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Prosecutors: Exxon Knew About Reports of Hazelwood Drinking Parties

September 22, 1990 GMT

ANCHORAGE, Alaska (AP) _ Federal prosecutors say Exxon Corp. knew for years about charges Exxon Valdez skipper Joseph Hazelwood regularly was host of drinking parties and tossed his empty whiskey bottles overboard.

According to the government, Exxon Corp. knew since 1985 that Hazelwood was diagnosed with two medical problems - episodic alcohol abuse and a type of mood disturbance or depression called dysthymia.

The government also accused Exxon of failing to monitor Hazelwood after he was treated for alcohol abuse in 1985. Monitoring would have revealed that he continued to drink while on duty up to the day of the Valdez wreck, the prosecutors said.


″The Exxon Medical Department had a duty to ensure that Hazelwood was fit to command oil tankers,″ prosecutors said. They called his alcohol abuse and dysthymia problems ″serious″ and ″known to impair judgment.″

These allegations and others about Hazelwood’s alleged on-board drinking were contained in the government’s response Thursday to Exxon’s request that all criminal counts against it be dropped.

Exxon was indicted in February on five counts related to the March 1989 spill. If convicted, the company could be fined more than $600 million.

The Exxon Valdez struck a charted reef and dumped nearly 11 million gallons of North Slope crude oil into Alaska waters. Tens of thousands of birds and mammals died in the nation’s worst oil spill.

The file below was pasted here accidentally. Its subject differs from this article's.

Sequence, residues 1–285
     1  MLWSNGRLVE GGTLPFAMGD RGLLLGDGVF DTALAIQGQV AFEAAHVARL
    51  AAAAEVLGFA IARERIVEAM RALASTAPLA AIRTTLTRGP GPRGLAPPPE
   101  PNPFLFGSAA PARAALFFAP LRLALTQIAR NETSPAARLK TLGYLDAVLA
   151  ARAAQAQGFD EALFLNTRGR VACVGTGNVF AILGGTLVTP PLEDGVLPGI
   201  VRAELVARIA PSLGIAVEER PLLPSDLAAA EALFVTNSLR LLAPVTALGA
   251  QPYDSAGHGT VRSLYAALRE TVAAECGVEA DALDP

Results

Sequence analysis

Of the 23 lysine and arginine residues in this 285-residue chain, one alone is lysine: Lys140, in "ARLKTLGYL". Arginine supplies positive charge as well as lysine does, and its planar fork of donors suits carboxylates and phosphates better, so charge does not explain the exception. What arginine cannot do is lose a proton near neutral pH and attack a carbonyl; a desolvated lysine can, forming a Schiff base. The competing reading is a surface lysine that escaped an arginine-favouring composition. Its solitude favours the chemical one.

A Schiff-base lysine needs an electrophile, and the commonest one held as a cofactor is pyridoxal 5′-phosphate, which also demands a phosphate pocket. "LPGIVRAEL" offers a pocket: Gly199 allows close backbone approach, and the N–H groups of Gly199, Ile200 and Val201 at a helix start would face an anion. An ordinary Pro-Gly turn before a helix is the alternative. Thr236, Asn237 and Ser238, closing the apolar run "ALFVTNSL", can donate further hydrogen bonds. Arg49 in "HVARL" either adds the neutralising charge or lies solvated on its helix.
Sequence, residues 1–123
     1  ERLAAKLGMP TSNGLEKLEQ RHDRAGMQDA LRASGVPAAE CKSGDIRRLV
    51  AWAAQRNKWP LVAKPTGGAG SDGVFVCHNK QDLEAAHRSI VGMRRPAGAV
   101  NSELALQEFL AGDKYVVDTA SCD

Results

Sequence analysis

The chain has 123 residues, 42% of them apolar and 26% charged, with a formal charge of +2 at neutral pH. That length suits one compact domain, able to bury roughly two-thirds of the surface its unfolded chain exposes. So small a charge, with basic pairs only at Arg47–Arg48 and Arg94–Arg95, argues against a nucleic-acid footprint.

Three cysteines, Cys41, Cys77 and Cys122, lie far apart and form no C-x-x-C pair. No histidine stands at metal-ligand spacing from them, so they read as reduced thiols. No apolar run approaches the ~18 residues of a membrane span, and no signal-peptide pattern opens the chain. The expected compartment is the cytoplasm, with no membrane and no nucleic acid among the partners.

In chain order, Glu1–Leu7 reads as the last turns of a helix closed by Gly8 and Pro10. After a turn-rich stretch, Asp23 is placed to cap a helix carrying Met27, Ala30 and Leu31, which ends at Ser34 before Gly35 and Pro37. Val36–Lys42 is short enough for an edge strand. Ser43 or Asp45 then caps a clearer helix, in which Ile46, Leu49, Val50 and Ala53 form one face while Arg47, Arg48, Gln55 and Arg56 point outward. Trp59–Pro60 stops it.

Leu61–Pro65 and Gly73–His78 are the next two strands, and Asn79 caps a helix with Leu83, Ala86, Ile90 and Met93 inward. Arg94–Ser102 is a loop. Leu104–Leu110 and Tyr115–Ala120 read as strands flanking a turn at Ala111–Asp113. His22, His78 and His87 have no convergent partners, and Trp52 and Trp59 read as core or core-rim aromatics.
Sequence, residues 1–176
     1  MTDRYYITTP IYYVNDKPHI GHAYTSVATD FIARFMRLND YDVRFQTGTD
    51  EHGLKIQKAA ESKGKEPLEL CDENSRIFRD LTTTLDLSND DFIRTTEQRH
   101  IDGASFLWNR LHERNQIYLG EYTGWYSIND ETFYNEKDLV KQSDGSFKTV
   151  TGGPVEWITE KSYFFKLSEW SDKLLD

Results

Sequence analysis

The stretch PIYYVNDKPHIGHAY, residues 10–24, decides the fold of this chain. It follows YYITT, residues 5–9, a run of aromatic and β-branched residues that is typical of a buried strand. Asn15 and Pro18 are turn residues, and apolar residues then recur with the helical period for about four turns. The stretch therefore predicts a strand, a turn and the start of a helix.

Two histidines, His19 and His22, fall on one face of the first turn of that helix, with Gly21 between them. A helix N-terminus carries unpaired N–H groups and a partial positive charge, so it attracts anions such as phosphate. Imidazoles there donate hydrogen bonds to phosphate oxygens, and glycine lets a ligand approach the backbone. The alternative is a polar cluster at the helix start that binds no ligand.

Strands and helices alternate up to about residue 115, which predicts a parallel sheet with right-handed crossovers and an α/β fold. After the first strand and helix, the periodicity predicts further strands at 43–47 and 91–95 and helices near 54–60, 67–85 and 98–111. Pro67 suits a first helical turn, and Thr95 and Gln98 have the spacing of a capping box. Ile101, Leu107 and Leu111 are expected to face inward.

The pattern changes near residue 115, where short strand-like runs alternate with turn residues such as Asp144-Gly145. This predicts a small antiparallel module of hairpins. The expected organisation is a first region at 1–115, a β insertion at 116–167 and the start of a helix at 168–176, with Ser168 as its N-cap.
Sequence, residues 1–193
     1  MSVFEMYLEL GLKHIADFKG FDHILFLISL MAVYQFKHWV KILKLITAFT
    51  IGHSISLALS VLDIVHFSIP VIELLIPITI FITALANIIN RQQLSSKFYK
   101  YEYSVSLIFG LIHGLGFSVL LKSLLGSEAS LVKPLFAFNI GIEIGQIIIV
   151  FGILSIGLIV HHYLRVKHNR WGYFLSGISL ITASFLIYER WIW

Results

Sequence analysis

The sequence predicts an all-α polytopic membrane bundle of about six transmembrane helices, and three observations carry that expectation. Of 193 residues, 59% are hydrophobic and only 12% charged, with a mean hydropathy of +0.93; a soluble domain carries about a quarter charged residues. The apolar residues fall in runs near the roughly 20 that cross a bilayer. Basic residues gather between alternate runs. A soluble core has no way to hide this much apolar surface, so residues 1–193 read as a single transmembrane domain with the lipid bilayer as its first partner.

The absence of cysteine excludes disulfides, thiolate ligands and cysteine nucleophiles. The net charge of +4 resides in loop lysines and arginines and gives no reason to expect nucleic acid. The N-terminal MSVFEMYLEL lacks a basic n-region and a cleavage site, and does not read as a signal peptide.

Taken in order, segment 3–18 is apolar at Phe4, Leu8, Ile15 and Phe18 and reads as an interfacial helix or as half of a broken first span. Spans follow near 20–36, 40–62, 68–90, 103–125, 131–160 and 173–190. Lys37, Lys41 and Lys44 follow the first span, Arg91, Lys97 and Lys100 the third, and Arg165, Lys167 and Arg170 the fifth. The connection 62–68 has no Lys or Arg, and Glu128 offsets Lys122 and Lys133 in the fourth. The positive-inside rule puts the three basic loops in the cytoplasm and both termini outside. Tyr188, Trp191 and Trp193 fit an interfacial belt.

Court papers said that 19 months before the grounding, Exxon lawyers heard allegations that Hazelwood had regularly held drinking parties aboard ships, tossing empty bottles overboard.

″It was a bad joke in the fleet (that) it’s Capt. Hazelwood and his chief mate, Jack Daniels, that run the ship,″ court papers filed by Department of Justice lawyers said.

They said Exxon Shipping company’s president only reluctantly agreed to give Hazelwood back his job as tanker master after his treatment for alcohol.

Prosecutors said had Exxon monitored Hazelwood, it would have learned he lost his driver’s license only months before the tanker disaster because of a drunken driving conviction.

The prosecutors said Exxon’s legal staff knew about the captain’s problems for an even longer time - at least since 1982 when it handled a complaint that Hazelwood had ″routinely been intoxicated″ while commanding the huge tankers.


The indictment against Exxon Corp. charges it and its subsidiary, Exxon Shipping, with violating the Migratory Bird Treaty Act, the Refuse Act, the Dangerous Cargo Act and the Clean Water Act.

Charges under the Ports and Waterways Safety Act also accuse the company of negligence by failing to make sure its crew was fit.

Exxon Corp. has tried to distance itself from those charges, saying its tankers are the sole responsibility of the shipping subsidiary.

By detailing its allegations against Hazelwood, and Exxon’s failure to know about or stop alleged misconduct, the government has attempted to bolster its case that negligence at the top was a cause of the grounding.

Prosecutors say Hazelwood’s alleged impairment caused him to quit the bridge the night of the Valdez grounding, leaving a tricky steering manuever to an unqualified third mate and a helmsman.

The government said Hazelwood knew that the helmsman was incompetent. ″Hazelwood’s absence from the bridge was a direct cause of the grounding,″ prosecutors said.

In March, Hazelwood was acquitted of being drunk and reckless and was convicted of one misdemeanor charge of negligent discharge of oil. The conviction is under appeal, along with his sentence of $50,000 in restitution and 1,000 hours cleaning beaches at Prince William Sound.

The Coast Guard dismissed its case against Hazelwood in August.